Medical missions in China
by Protestant Christian physicians
of the 19th and early 20th centuries laid many foundations for modern medicine in China
. Western medical missionaries
established the first modern clinics and hospitals, provided the first training for nurses and opened the first medical schools in China. Work was also done in opposition to the abuse of opium
. Medical treatment and care came to many Chinese who were helplessly addicted and eventually public and official opinion was influenced in favor of bringing an end to the destructive trade. The history of China’s current health institutions can be traced to many of the medicines, methods, and systems introduced by medical missionaries.
With time the expansion and growth of hospitals in China during the 1800s became more widely accepted. By 1937 there were 254 mission hospitals in China, but more than half of these were eventually destroyed by Japanese bombing during World War II or otherwise due to the Second Sino-Japanese War or the Chinese Civil War. After World War II most of these hospitals were at least partially rehabilitated, and eventually passed to the control of the Government of the Peoples' Republic of China, but are still functioning as hospitals.
(王来俊) (1835-) was a Chinese Protestant Christian pastor
in the late 1800s. "One of China's great, if unsung Christians, after Pastor Xi Shengmo... he was perhaps the most notable Chinese connected with the China Inland Mission."
Wang was a painter and skilled artisan living in his native Ningbo when he was hired by the pioneer Christian missionary Hudson Taylor to work in his home. As he was working one day on a ladder he overheard a local basket-maker, Feng Ninggui, who had professed faith in Jesus Christ, explaining why he no longer made incense containers that were used for idol worship. Wang was soon converted to Christianity as well under the ministry of Taylor in the days before the founding of the China Inland Mission.
After his baptism in 1859, Taylor met with Wang individually to instruct him in Christian teaching from the Bible and Wang joined the small congregation of believers that was growing in Ningbo.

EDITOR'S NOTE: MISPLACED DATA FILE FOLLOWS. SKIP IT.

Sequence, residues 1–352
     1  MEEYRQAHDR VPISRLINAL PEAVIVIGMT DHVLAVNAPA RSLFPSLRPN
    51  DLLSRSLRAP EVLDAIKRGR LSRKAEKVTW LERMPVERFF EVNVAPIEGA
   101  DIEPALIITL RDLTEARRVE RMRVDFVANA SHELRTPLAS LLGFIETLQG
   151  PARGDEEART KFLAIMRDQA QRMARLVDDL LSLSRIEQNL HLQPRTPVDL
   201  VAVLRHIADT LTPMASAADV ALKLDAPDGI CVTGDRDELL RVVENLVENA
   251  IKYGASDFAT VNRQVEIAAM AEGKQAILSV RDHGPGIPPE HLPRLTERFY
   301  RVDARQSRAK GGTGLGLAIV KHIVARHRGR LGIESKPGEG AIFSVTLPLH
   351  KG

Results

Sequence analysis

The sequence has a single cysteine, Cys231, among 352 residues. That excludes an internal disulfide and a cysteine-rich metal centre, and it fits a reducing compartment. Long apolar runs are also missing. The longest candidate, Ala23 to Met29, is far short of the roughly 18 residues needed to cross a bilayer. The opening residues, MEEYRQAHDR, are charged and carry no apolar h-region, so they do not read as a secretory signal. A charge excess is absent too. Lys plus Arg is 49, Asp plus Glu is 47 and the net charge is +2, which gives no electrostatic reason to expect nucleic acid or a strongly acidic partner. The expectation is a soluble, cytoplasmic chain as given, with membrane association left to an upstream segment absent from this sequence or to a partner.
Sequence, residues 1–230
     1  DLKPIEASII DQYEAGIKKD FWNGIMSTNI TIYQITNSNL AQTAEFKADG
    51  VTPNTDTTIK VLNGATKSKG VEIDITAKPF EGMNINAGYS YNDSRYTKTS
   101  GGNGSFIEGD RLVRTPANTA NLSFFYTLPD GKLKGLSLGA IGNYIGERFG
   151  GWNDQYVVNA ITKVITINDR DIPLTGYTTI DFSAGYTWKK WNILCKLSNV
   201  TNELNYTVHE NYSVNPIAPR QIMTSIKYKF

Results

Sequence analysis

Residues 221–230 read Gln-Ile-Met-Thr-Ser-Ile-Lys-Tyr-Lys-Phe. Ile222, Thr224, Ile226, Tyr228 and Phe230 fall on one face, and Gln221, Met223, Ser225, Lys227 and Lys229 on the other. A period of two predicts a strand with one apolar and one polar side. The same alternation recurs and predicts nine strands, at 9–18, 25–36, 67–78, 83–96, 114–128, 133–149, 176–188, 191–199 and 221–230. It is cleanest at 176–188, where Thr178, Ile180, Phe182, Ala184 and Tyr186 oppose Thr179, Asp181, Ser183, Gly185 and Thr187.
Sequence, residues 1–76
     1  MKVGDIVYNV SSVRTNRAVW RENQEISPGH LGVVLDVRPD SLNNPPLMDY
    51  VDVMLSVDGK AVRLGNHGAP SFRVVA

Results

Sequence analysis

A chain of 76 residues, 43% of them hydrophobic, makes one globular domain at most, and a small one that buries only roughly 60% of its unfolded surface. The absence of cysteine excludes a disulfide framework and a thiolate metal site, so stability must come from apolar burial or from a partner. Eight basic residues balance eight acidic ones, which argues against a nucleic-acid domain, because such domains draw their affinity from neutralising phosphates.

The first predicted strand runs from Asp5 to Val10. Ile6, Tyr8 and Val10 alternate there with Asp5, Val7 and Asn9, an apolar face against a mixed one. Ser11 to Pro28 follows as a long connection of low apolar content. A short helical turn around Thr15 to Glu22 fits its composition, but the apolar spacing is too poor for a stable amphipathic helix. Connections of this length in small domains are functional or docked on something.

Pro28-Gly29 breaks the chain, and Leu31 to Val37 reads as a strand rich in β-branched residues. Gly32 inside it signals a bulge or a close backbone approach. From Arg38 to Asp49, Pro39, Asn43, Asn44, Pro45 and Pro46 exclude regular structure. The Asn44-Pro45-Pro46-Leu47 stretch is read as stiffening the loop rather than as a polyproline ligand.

Wang put his new faith into immediate service and worked at the local mission hospital that Taylor had taken charge of – with no promise of income other than what he believed that the Lord would provide as needed.
Wang soon learned from Taylor how to read and write the Romanized Ningbo dialect and began teaching others what he had learned about God from the Scriptures.
In 1860 Taylor’s health was deteriorating and Wang accompanied the Taylor family to London, England in 1860 as a helper and language tutor for new missionaries. He also assisted Taylor, his wife, Maria and Frederick Foster Gough in the revision of the Ningbo dialect New Testament in Romanized colloquial for the Bible Society. Wang’s native language expertise assured that the final translation would be accurate and trustworthy.
While in England, Wang became part of the Taylor family in many ways: helping with laundry, helping Maria take care of the little children, and joining with Taylor in close personal discipleship training and even medical studies. Taylor took him to meet the famous London Baptist preacher, Charles Spurgeon at the Metropolitan Tabernacle. Together they influenced Spurgeon to promote the cause of missionary work in China with his sermons and writings. Taylor also brought Wang to meet the Bristol orphanage founder George Muller who would later fund one third of the China Inland Mission budget in the following years of 1866-1871.
Taylor promoted Wang's abilities as a preacher even in England and acted as interpreter for him when he spoke to English congregations.
After returning to China he was appointed pastor of the church in Hangzhou begun by the China Inland Mission in 1866-1867. He served as a pastor for 40 years.